IT Central Station is now PeerSpot: Here's why

Polarion ALM OverviewUNIXBusinessApplication

Polarion ALM is #7 ranked solution in top Application Lifecycle Management Suites and top Enterprise Agile Planning Tools. PeerSpot users give Polarion ALM an average rating of 8.2 out of 10. Polarion ALM is most commonly compared to Jira: Polarion ALM vs Jira. Polarion ALM is popular among the large enterprise segment, accounting for 77% of users researching this solution on PeerSpot. The top industry researching this solution are professionals from a computer software company, accounting for 23% of all views.
Polarion ALM Buyer's Guide

Download the Polarion ALM Buyer's Guide including reviews and more. Updated: July 2022

What is Polarion ALM?

The world’s first 100% browser-based ALM enterprise solution, which enables seamless collaboration across disparate teams, multi-directionally linked work items, full traceability, accelerated productivity and automated proof of compliance.

Polarion ALM Customers

Engineering Ingegneria Informatica, IBS AG, Zumtobel Group

Polarion ALM Video

Archived Polarion ALM Reviews (more than two years old)

Filter by:
Filter Reviews
Industry
Loading...
Filter Unavailable
Company Size
Loading...
Filter Unavailable
Job Level
Loading...
Filter Unavailable
Rating
Loading...
Filter Unavailable
Considered
Loading...
Filter Unavailable
Order by:
Loading...
  • Date
  • Highest Rating
  • Lowest Rating
  • Review Length
Search:
Showingreviews based on the current filters. Reset all filters
Senior Research Engineer at a consultancy with 1,001-5,000 employees
Real User
The amount of document control, combined with review and release probabilities and signatures is really useful
Pros and Cons
  • "We had a nice experience with technical support."
  • "The ease-of-use could be improved a little."

What is our primary use case?

We mainly use Polarion ALM for requirements engineering as well as task planning and task execution, but we mainly use it as a documentation and traceability tool.

I work in the medical device development field. Even though Polarion is quite expensive, it's quite a good solution for medical device development in general, especially for software development.

Within our previous company, not that many people used Polarion as it was only used within our department relating to medical device development. I'd say around 20 to 30 people were using it. It's hard to say as we had around six licenses with some floating licenses.

What is most valuable?

I like that there is, more or less, a single solution for everything. In regards to Polarion, if you're not experienced, it can be quite complicated, so you may need weeks or even months to familiarize yourself with the tools and how it operates. Once you understand how it works it becomes a very useful tool; we mainly use it for requirements engineering, so for us, the traceability is a really important feature. I also like all of the possibilities for different reports and the option to have a "what you see is what you get" editor for all documents and especially, for the release of documents.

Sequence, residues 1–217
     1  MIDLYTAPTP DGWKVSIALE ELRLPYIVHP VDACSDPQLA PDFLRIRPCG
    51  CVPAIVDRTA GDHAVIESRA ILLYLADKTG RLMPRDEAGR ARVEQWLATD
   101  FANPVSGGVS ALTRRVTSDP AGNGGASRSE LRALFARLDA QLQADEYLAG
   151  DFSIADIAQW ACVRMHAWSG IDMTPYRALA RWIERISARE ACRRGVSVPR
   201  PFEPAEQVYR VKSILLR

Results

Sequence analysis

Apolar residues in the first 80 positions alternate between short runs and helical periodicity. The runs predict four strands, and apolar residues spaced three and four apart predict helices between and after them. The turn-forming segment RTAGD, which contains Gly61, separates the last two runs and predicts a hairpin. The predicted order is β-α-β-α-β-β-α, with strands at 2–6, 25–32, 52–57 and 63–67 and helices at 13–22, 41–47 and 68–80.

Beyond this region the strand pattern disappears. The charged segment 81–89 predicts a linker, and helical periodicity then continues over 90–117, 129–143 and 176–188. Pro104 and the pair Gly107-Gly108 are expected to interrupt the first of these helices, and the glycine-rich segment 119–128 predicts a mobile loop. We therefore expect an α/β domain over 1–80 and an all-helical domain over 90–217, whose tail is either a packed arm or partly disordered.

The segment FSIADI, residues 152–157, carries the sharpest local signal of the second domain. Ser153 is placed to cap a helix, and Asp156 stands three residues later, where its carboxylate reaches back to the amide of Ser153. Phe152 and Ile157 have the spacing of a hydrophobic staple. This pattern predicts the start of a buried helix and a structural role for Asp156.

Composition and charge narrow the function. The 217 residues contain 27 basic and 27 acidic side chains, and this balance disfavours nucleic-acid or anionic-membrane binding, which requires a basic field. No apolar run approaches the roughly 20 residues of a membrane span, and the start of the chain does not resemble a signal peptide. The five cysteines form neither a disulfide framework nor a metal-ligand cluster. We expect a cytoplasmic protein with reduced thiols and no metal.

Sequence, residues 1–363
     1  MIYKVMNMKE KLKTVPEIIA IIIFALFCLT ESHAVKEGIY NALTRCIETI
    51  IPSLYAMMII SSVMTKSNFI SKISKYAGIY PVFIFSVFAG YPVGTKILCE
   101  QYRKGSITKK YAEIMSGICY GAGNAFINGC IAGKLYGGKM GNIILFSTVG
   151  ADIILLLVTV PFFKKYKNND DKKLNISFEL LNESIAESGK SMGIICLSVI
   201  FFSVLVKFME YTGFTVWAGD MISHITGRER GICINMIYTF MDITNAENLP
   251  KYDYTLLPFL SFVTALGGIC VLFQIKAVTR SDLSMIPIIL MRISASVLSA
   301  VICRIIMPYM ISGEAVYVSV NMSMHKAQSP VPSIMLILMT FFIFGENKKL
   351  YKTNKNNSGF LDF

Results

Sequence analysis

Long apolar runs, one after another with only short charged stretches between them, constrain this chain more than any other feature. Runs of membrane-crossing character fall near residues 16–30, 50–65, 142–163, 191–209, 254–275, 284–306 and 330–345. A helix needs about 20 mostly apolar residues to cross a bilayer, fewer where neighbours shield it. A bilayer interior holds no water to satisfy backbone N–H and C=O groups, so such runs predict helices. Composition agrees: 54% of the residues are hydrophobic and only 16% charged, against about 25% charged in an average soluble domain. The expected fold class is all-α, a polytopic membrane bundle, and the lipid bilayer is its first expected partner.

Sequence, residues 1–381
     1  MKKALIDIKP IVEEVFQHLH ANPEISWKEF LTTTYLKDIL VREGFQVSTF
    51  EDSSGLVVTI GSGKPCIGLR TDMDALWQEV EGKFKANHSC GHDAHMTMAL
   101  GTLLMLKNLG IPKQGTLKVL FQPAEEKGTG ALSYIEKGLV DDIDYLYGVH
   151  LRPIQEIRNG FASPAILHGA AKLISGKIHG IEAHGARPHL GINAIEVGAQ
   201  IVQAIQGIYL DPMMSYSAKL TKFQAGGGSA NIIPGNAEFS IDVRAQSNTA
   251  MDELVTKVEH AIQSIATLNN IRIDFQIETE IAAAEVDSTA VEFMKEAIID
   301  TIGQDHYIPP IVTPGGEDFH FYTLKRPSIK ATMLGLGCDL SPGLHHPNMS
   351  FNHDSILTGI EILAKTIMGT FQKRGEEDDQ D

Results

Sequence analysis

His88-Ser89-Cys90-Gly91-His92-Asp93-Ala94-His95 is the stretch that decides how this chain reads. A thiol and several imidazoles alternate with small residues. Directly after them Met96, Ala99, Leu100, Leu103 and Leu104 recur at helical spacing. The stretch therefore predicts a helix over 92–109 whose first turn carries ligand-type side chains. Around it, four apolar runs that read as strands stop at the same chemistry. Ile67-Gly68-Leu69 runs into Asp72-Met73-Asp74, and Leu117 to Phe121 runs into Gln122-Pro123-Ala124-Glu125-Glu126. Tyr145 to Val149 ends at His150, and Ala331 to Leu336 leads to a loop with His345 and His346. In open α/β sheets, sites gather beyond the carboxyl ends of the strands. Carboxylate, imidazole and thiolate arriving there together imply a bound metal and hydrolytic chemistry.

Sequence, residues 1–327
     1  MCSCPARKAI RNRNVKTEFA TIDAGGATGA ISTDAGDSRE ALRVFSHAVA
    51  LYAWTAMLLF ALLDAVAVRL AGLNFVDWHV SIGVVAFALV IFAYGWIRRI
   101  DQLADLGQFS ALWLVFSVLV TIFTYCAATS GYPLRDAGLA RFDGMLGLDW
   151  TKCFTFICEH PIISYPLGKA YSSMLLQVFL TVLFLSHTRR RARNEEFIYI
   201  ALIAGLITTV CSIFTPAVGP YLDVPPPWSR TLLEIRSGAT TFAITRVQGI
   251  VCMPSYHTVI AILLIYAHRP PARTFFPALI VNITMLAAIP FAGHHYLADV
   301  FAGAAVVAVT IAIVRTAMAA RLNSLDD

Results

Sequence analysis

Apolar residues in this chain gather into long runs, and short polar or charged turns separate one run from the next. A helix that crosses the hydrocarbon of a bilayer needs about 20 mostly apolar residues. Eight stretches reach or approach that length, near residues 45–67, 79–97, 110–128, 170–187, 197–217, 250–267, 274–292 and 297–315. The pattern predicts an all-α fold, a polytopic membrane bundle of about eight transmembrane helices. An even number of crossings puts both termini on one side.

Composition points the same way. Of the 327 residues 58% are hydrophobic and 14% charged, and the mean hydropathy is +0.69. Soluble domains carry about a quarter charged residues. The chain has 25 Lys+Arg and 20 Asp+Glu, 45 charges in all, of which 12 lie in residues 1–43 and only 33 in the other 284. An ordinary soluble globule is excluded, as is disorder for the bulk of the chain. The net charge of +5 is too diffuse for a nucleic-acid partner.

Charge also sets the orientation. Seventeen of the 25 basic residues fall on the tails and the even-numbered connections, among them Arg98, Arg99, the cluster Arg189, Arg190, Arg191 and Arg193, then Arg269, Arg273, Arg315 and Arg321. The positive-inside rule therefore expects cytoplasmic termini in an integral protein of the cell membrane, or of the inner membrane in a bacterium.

The amount of document control, combined with review and release probabilities and signatures is really useful. For example, Confluence does not have these capabilities. You would have to install Comala, with its plug-in that is used for document control, and even then, it would not be comparable. Polarion's document control is one of the best that I have used. In terms of development itself, having the work items and requirements altogether in one place and being able to control them by Staples, is really helpful.

What needs improvement?

The ease-of-use could be improved a little, but at the same time, it's a complex tool so that has to be expected; such a complex tool cannot be completely straightforward. 

The license model is okay for large companies but would be quite expensive for smaller enterprises.

Also, the beginner's tutorials are quite outdated — working on versions from 2010 or 2012. More up-to-date tutorials with different use cases would be a nice adjustment.

It's always possible to improve such tools by adding more features and improving automatization. For example, we never tried the connection to build service. I believe it's possible to do that, to automatically link it to the software build process. We only used it more or less manually. It's possible that, that feature could be improved because I believe there was a reason why we didn't do it, but I can't explain in more detail as I was not really involved in the process.

In general, I would like to see improvements on the information and materials.

For how long have I used the solution?

My current company has been using Polarion ALM for quite a long time, since approximately 2012. I personally started working with Polarion ALM four years ago.

Buyer's Guide
Polarion ALM
July 2022
Learn what your peers think about Polarion ALM. Get advice and tips from experienced pros sharing their opinions. Updated: July 2022.
619,967 professionals have used our research since 2012.